The basic story of his ensuing martyrdom is here, and we were able to follow in his footsteps, starting at the Church of St. Andrew Apostle, which los federales used as a jail at the time. We arrived in the evening on the first day of the novena to St. Cecilia, which means that as we toured the church, which houses his relics and contains a little shrine where his moving letters from jail are on display along with photos and other memorabilia, a series of mariachi bands paraded into the Church in the spirit of fiesta. It got late and the priests traveling with us obtained permission to celebrate mass, and in an instant the word spread and the Church was full --and the mariachis provided the hymns.

After mass we followed in the footsteps of José Luis, walking the mile or so that he was marched (the soles of his feet flailed) towards the cemetary and his waiting grave, all the while refusing to denounce his faith, instead proclaiming the battle cry of the Cristeros: ¡Viva Cristo Rey! All the while I kept reflecting that once fourteen old enough to have formed deep convictions and be capable of great courage and manly sacrifice. I don't think you can build that on a playstation, sorry.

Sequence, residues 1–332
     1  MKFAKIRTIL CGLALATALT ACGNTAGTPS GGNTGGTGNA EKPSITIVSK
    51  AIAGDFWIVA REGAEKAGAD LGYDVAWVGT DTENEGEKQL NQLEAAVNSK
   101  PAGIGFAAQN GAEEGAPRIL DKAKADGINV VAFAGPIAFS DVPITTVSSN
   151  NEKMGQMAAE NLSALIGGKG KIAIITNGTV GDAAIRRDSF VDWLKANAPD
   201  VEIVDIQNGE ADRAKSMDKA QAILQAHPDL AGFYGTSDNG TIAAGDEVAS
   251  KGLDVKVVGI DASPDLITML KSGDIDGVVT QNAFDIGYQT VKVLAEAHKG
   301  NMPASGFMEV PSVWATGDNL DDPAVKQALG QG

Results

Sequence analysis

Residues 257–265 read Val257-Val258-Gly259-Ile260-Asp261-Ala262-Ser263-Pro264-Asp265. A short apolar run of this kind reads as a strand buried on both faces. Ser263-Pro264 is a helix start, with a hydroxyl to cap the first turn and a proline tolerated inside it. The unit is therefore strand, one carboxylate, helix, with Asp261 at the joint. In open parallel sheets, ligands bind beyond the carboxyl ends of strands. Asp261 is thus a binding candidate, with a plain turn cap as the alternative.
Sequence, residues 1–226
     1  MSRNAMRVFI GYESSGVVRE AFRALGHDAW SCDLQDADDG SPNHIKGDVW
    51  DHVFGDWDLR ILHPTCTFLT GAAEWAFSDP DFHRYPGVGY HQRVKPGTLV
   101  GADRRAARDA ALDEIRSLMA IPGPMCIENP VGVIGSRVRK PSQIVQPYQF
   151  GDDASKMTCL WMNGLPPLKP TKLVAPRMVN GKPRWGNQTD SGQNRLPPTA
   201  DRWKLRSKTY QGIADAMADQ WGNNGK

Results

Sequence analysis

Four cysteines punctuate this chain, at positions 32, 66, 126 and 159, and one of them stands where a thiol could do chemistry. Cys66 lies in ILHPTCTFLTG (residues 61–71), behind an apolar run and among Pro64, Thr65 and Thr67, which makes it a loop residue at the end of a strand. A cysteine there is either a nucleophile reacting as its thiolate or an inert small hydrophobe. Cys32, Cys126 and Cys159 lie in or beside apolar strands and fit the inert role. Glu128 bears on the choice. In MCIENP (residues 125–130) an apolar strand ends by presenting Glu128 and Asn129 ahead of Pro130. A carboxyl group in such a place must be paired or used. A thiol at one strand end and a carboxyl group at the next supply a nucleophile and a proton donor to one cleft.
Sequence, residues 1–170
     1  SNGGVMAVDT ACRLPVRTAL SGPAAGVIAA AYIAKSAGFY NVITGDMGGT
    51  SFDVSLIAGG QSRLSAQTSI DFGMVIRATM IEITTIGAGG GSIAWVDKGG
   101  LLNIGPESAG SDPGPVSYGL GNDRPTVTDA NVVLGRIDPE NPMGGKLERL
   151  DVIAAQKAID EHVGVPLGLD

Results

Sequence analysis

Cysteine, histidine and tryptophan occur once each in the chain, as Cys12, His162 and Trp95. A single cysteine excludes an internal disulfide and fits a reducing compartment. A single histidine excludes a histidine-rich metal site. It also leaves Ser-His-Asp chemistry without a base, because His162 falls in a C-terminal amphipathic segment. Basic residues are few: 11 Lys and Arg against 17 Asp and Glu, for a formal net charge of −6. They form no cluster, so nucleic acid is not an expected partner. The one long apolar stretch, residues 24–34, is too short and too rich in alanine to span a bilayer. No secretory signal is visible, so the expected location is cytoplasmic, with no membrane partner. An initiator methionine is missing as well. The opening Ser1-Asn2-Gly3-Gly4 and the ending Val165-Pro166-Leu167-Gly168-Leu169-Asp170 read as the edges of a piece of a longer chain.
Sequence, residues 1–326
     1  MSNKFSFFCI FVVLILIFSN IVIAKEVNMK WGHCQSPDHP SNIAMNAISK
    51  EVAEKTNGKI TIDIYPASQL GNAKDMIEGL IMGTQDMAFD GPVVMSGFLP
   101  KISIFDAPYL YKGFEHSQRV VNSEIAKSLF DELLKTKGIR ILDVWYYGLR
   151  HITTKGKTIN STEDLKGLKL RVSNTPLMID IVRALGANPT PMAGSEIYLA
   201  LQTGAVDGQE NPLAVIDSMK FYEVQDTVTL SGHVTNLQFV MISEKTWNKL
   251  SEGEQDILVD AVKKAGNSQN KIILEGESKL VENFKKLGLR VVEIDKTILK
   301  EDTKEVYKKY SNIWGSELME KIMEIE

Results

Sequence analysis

We interrupted our walk to stop at the shrine of the Sacred Heart, which is essentially a catacomb for other Cristero martyrs. Unlike long ago and far away martyrdoms, the striking feature of this pilgrimage is that there are photos documenting everything, and witnesses ready to tell the tale. The locals explain that after long years of war, the Cristeros negotiated peace with the government and laid down their arms --and in this place, as soon as some 20 men surrendered, they were shot. The pictures on the wall confirm the story.